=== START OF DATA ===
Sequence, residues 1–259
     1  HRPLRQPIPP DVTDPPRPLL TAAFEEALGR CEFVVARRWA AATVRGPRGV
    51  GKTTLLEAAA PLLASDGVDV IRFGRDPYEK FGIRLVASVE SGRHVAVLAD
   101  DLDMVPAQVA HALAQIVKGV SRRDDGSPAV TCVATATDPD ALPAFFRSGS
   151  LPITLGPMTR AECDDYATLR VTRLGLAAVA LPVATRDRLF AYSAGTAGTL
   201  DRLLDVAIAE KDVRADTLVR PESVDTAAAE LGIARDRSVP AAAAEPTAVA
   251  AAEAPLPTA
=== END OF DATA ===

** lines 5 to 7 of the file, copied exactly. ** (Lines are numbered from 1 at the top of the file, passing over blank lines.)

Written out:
   151  LPITLGPMTR AECDDYATLR VTRLGLAAVA LPVATRDRLF AYSAGTAGTL
   201  DRLLDVAIAE KDVRADTLVR PESVDTAAAE LGIARDRSVP AAAAEPTAVA
   251  AAEAPLPTA